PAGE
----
The Re-interment of Sp5 Wyley Wright Jr. and Ouida F. McLendon Wright
Arlington National Cemetery
March 10, 2014
March 3-Sp5 Wyley Wright will be disinterred from Mount Olive Cemetery in Jacksonville, FL by Wilbert Vault and re-casketed by Carthage Funeral Home.
March 4-Sp5 Wyley Wright will be flown to Columbus, Georgia & Ouida F. Wright will be disinterred by Green Acres Cemetery in Columbus, GA and her remains joined with her husband’s by Taylor’s Funeral Home of Phenix City, AL. (Thanks to Sconiers Funeral Home of Columbus, GA for consultation services.)
March 5-Sp5 Wyley Wright and Ouida F. Wright will be flown to Washington D.C. Greene Funeral Home of Alexandria, VA will have oversight.
March 10th- The day after the 50th and 44th death anniversaries of Sp5 Wyley Wright Jr. and Ouida F. Wright- Commemoration and Re-burial. Greene Funeral Home will officiate at Arlington National Cemetery 3:00 p.m.
Why Honor Father and Mother?
Memorials and Honoring the Dead were an integral part of the life of Sp5 Wyley Wright Jr. Every opportunity for leave from the U.S. Army and a visit home, he always cleaned and brought flowers to his mother and other family members’ graves. He felt it was his sacred duty.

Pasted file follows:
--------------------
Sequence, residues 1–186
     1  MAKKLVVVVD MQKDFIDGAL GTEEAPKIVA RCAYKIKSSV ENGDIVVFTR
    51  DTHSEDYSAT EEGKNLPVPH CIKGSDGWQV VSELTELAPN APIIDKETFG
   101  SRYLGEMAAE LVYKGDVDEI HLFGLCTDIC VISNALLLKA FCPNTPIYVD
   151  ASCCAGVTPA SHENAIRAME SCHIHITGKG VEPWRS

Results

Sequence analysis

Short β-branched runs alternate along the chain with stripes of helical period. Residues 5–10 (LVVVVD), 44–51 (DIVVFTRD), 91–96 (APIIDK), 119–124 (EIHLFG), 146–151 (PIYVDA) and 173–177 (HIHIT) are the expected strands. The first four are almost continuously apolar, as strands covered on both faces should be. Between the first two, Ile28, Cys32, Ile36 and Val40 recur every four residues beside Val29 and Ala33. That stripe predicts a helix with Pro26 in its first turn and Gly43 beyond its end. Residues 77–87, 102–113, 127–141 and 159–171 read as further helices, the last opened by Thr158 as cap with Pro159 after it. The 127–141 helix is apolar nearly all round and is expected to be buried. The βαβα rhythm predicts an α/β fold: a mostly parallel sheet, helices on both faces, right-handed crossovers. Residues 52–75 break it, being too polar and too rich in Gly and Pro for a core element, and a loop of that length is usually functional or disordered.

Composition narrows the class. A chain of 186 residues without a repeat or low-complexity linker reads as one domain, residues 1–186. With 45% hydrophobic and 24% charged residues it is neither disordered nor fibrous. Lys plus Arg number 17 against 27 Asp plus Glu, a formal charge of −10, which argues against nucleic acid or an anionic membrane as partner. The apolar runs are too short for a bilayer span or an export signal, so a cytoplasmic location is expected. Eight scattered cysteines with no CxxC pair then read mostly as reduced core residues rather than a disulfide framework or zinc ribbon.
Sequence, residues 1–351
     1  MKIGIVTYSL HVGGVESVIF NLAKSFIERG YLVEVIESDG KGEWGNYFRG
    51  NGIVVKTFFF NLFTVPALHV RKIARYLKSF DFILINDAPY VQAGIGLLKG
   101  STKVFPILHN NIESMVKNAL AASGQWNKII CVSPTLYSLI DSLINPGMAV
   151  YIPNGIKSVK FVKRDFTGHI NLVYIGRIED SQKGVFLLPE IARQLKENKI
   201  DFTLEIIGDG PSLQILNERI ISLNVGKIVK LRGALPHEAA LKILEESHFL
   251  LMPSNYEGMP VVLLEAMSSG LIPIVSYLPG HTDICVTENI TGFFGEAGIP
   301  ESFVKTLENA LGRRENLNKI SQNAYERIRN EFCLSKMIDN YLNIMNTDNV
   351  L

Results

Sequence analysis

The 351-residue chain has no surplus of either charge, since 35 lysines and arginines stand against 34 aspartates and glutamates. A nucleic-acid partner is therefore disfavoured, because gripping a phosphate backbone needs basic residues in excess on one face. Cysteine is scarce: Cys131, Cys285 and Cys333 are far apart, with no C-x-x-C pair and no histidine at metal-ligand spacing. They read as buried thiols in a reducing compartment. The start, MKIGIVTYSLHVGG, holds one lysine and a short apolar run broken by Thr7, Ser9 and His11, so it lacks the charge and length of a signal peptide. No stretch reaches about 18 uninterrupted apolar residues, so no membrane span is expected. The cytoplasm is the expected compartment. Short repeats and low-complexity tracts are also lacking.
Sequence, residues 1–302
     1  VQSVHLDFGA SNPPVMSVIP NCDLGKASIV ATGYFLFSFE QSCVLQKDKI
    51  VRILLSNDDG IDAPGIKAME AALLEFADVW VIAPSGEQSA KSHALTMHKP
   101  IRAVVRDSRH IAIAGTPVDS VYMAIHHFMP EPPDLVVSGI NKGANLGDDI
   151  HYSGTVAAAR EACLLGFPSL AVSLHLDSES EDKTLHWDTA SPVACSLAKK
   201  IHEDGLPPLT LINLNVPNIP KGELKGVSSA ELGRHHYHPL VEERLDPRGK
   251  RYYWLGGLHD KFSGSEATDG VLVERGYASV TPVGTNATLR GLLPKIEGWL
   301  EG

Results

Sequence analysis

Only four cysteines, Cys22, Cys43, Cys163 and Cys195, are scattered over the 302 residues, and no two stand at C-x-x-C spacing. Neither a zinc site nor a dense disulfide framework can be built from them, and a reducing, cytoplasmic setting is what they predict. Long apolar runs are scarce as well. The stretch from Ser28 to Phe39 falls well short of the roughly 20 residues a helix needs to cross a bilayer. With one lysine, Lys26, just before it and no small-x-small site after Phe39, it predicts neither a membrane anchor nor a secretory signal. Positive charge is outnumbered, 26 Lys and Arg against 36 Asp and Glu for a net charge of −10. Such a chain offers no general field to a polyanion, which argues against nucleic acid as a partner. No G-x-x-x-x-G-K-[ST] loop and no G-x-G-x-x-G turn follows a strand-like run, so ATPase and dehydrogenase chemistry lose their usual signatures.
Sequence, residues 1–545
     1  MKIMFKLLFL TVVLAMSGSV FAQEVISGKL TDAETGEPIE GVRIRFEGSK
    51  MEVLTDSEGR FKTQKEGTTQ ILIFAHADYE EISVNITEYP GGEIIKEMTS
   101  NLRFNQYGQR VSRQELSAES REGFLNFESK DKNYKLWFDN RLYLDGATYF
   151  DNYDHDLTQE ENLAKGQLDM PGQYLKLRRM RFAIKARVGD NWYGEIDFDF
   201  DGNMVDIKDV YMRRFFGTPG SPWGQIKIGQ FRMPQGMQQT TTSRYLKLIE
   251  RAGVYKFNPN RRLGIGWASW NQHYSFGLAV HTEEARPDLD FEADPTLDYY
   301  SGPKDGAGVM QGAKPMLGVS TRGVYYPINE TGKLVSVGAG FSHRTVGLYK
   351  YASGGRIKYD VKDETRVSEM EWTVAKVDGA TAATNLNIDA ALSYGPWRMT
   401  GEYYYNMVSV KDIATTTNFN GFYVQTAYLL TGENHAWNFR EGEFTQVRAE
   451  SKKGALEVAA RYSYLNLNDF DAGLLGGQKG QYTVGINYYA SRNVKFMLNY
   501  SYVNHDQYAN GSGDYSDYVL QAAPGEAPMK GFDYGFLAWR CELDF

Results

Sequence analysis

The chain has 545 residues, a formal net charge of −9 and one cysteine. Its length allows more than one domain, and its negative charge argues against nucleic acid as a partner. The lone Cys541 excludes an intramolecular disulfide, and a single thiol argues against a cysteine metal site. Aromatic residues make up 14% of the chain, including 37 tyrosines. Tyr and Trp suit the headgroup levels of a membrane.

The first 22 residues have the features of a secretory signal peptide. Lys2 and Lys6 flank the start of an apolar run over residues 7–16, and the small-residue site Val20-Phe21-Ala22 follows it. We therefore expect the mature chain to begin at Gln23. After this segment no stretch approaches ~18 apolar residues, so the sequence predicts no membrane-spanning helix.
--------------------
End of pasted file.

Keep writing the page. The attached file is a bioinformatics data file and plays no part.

News accounts over the years of monies set aside to improve the gravesites in northern Jacksonville, predominantly Black, were encouraging, yet the accounts did not manifest into reality. Mt. Olive was lush and green in March of 1964.
Upon a visit to Sp5 Wyley Wright’s grave at Mt. Olive Cemetery in Jacksonville, Florida at the Simmons Family Reunion July 4th Weekend 2012, the Wright children became resolved to have their father’s grave moved from the segregated cemetery to Arlington National Cemetery.
Why Arlington National Cemetery as the final resting place of their parents? The siblings express that their father gave the ultimate sacrifice for the United States of America and as such they wanted his sacrifice to be remembered in a place that generations of family members could more easily access. He will now rest along with the “wife of his youth,” near the Potomac River, across from the Lincoln Memorial and closer to the Viet Nam War Memorial, “The Wall” where he is listed at panel 1 E, Row 46.
Sp5 Wyley Wright’s death, March 9, 1964 while on an added mission (He had successfully completed all his regular assignments honorably and had received awards for his service.) as an honor guard for Secretary of Defense Robert S. (Strange) McNamara received national and local media attention. CBS’ Walter Cronkite told of the incident during the CBS national news with footage of the recovered wreckage. The Florida Star (Black newspaper in Jacksonville, Florida) and Florida Times Union carried articles including the funeral at Grant Memorial Church.